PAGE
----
Tuesday April 14: 10am Eastern, 10pm China
Interdisciplinarity lies at the heart of Duke Kunshan University’s innovative curriculum for the 21st century. Recently DKU appointed James Miller, Co-Director of the Humanities Research Center to be its first Associate Dean of Interdisciplinary Strategy. Join Professor Miller and students from the HumanSpace+ research group as they embark on a series of conversations with leading theorists and practitioners of interdisciplinarity in the world today to explore how interdisciplinarity is tied to innovation and future of knowledge.
The first conversation in this series is with Professor Simon Goldhill from Cambridge University. Professor Goldhill was the first director of CRRASH, the Centre for Research in Arts, Humanities and Social Sciences at Cambridge University. During his tenure as director, CRRASH became the world’s leading interdisciplinary research institute of its kind, employing over 40 postdoctoral researchers on a number of groundbreaking collaborative projects.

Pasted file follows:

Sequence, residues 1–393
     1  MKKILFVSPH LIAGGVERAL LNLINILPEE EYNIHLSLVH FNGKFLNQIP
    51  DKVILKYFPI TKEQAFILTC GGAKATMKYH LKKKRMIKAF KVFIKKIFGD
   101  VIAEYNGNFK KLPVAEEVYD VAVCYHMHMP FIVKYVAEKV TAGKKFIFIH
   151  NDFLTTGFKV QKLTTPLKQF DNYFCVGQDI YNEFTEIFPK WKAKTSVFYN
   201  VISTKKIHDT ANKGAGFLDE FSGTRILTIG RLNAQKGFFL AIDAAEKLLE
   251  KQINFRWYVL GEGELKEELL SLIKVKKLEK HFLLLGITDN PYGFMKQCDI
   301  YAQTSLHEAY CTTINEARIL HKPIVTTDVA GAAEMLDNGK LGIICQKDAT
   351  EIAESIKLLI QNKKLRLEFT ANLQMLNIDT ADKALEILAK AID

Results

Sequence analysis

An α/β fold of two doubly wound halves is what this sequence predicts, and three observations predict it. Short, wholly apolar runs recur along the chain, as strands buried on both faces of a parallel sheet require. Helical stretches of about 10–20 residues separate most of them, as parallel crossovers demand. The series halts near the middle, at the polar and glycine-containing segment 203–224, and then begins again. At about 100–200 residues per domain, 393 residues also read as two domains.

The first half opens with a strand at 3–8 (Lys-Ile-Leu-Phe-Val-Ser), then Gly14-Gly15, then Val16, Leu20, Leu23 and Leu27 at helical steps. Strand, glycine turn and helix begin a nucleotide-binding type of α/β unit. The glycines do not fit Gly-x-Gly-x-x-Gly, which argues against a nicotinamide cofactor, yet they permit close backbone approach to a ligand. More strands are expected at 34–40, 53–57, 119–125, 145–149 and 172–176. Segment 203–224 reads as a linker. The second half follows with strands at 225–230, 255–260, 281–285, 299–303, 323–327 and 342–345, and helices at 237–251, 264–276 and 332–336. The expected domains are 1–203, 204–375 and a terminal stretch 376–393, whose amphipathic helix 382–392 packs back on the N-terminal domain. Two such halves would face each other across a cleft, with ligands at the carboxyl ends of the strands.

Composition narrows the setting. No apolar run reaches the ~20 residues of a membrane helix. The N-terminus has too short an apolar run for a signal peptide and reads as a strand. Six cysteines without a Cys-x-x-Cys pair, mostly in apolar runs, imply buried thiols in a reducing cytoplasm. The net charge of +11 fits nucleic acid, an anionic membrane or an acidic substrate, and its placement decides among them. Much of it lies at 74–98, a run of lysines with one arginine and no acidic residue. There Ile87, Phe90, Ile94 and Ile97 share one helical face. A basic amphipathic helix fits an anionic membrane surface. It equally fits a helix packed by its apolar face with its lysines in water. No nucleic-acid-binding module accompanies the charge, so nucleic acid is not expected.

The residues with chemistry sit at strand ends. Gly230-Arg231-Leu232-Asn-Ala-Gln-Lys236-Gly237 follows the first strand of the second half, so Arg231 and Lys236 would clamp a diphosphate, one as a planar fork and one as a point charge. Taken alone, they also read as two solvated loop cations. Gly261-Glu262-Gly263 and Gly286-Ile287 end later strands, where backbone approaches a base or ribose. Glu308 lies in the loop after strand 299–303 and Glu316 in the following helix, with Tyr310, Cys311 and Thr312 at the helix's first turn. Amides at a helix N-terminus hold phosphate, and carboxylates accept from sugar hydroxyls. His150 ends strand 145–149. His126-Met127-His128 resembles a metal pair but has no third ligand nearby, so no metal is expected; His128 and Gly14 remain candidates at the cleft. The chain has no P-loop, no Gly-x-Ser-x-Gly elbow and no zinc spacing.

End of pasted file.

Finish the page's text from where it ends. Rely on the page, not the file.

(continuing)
During this conversation, we will discuss a number of key theoretical and practical questions about interdisciplinarity, innovation, collaboration and cross-cultural knowledge production.
- How does training in the traditional disciplines of the university actually contribute to the current global crises such as COVID-19, global climate change, social inequality, or democratic erosion?
- Is interdisciplinarity in fact a kind of higher educational reform movement whose outcome might be the restructuring of the traditional taxonomies of knowledge production in the contemporary university?
- The key disciplines and taxonomies of knowledge in the contemporary university derive from the classical civilizations of ancient Greece and Rome. When key concepts such as “science” or “religion” were introduced to China and Japan neologisms such as kexue 科学 and zongjiao 宗教 were created, in effect negating China’s long history of science and religion. How should the disciplines of the university, especially in the humanities, better adapt to categories of indigenous knowledge production?
Grappling with these questions directly addresses DKU’s aspiration to be a leading global university in China that takes innovation in curriculum, pedagogy and research to heart.